In fact, since Mercury is tucked away in malefic 8th House--Mercury represents the mind and psychological stability, meaning his mind is in dark places—and since his Jupiter, or sign of wisdom, is also retrograde or going backwards, his only salvation might be Venus in 9th. His wife should provide a guiding light and create his destiny.

The Kala Amrita yoga native has all planets on one side of the chart, making their lives imbalanced. These folks can rise very high in life-but when they fall, they fall hard. “Rise and fall” is the pattern for these yogas.

Currently, Trump has retrograde Jupiter and Rahu transiting Leo (as do we all.) For him, Leo rules the 10th House from Moon, and it is also his ascendant. This means Mr. Trump is going to be perceived as someone with unconventional wisdom that breaks the usual rules and regulations, and he will be wildly popular in his “workplace”. This will last till May 9th. After May 9th, he’ll still be perceived as a wise man, but by August, when Jupiter shifts to Virgo, his popularity will wane and he will be left with wanting more power, but getting only the emptiness of the big crowd that has vanished without a trace. His impressive wisdom will begin to seem like an illusion, although his unconventional speech will still mint him plenty of money (Jupiter will shift to his House of Wealth and House of Gains via ascendant and Moon chart, respectively). Perhaps a TV deal worth millions?


Hilary Clinton was born on October 26, 1947, at 8:02am, in Chicago. Her moon is in the constellation Purvabhadrapada, a sign ruled by Jupiter, the “guru” or teacher. She is also a Khumba rashi—ie; she has her moon in Aquarius.

The first thing that pops out of Clinton’s chart is her “Millionaire yoga”—Jupiter and Ketu combination is considered to bring great wealth, in the millions, to the native. Ronald Reagan also had one of these, but in the house of relationships, meaning he had great relationships with millionaires. Mitt Romney has one of these—in the house of wealth itself, meaning he has hard cash. Gandhi had one of these in the house of relationships-meaning he had relationships with the millions of poor and ordinary people of India. So we have to read the millionaire yoga with a bit of subtlety. The fact that Clinton’s Kela yoga is placed in the 2nd House of wealth from ascendant should leave no room as to what this means—she has the cold hard cash, which she got through her associations and relationships at work (Jupiter and Ketu in 10th House from Moon).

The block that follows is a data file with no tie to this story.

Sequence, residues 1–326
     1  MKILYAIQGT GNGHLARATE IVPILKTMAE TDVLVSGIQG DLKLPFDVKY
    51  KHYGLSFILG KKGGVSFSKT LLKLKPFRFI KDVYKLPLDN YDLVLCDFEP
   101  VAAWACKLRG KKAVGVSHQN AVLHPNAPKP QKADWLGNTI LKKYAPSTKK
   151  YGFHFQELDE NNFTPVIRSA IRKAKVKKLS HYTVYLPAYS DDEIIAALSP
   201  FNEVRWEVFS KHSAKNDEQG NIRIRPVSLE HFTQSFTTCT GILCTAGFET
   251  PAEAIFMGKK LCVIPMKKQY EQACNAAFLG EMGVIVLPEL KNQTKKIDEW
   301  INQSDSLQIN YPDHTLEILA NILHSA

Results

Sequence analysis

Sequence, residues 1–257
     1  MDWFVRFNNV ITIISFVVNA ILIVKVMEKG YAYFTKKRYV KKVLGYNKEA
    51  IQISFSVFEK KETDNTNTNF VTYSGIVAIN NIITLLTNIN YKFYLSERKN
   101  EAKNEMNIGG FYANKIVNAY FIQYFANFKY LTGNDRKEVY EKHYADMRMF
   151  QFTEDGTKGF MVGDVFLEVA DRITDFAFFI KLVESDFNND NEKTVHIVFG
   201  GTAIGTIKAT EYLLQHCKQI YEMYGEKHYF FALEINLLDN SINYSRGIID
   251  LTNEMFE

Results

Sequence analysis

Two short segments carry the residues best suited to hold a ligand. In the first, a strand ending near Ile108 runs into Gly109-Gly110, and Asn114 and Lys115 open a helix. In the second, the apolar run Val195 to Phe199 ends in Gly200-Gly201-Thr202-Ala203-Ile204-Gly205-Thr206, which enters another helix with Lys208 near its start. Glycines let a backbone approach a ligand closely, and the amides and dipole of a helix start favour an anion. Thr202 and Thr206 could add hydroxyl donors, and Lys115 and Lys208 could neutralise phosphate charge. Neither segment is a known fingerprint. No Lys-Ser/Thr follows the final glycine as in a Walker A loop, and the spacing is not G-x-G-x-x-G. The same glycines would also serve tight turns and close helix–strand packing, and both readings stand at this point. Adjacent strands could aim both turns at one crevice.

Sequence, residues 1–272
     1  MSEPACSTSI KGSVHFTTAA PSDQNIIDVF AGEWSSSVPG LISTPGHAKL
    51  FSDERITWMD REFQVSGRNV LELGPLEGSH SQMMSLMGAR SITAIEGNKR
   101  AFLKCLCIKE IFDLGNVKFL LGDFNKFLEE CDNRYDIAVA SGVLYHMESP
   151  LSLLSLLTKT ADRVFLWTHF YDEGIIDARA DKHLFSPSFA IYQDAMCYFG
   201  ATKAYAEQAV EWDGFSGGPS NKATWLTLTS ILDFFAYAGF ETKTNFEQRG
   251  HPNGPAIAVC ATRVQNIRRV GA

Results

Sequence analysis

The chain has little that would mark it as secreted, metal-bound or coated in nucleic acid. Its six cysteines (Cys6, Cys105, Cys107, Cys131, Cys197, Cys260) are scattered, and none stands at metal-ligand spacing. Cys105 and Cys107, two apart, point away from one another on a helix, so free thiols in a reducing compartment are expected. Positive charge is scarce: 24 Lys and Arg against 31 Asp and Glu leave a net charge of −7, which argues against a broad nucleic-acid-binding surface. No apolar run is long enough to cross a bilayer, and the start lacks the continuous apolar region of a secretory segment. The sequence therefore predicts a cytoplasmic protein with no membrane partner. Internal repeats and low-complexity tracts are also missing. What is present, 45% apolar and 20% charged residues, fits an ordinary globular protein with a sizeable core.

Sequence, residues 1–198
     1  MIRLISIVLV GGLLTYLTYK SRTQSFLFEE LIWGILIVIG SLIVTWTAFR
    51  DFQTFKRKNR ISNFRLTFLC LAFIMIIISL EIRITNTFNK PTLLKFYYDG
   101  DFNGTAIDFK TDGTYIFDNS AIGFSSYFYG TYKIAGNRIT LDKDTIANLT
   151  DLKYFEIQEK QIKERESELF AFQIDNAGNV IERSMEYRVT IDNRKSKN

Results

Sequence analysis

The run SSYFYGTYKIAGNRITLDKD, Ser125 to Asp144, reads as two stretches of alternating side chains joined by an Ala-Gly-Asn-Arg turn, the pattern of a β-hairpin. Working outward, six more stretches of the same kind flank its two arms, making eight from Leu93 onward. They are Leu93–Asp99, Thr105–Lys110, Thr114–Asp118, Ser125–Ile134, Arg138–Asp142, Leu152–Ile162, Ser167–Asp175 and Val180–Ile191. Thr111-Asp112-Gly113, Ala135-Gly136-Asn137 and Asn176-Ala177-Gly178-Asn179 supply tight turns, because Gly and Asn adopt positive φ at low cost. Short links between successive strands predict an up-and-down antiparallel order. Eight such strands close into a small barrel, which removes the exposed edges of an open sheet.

Note Jupiter is also the sign for the husband—and Ketu causes the sort of disconnected “headless” behavior that Bill Clinton became famous for. He was acting as if he was quite alone with Monica Lewinsky when in fact the whole world was watching the president of the United States. Ketu brings about that sort of “don’t care” behavior, since he’s a naga without a head, and he only “thinks” with his body. But that’s skipping ahead to the more mythological part of this whole astrological story, which you don’t have to bother with, right now.

The second thing that pops out is her chart is the three planets in her bhagyasthan, house of destiny. Sun, Mercury and Venus are in Libra, which is also her ascendent. Libra or Tula rashis are always thought of as those with the capacity to gain very high material achievements, since Tula is also the house where Saturn gets exalted. In her case, Saturn and Mars are in 10th House from ascendant, which is a great placement for Saturn, if you want to be a successful lawyer and politician. Saturn is engaged in a strong parivartana yoga (exchange of houses) with the Aquarius ruled Moon, making it even stronger. Saturn and Mars end up in Sixth House (Ari Bhava, the House of Enemies) in Moon chart, meaning that her rise is either propelled by enemies, or she uses hard work and social service to raise her profile in the workplace.

Women, especially of motherly age, love Clinton: Moon represents mother, and this is sitting in her Fifth House of Love and Children. Incidentally, this also means that Chelsea genuinely loves her mom.

Sun, however, is debilitated in Libra. Sun is very important for someone like Clinton, since it represents the benefic energy of the government. By being in the ascendant, the Sun does get a “neechbhanga” or cancellation of debilitation, but there’s always going to be an element of frustration in her rise for power. Leo Di Caprio, for instance, also has a debilitated Sun—and look how long it took him to get the Oscar. But note that the deferred priviledge make him work so hard he ended up being a greater actor than all his contemporaries who got lauded way too early, so debilitated, neechbhanga planets do have this bonus effect. 

An aside on Leo: Incidentally, Leo did have to go through some real torture to get the statuette. Saturn is transiting Scorpio, his third house of communications, at present, but his natal Rahu is also there, meaning its not all unalloyed celebration here. Saturn/Rahu takes people to the heights, but not without torturous difficulties. His envious peers are also giving him the cold shoulder and making him feel insecure by implying he didn’t get the Oscar for acting but for pain, perhaps. (Not to worry, Leo--your difficulties with friends and peers will end on November 2017.)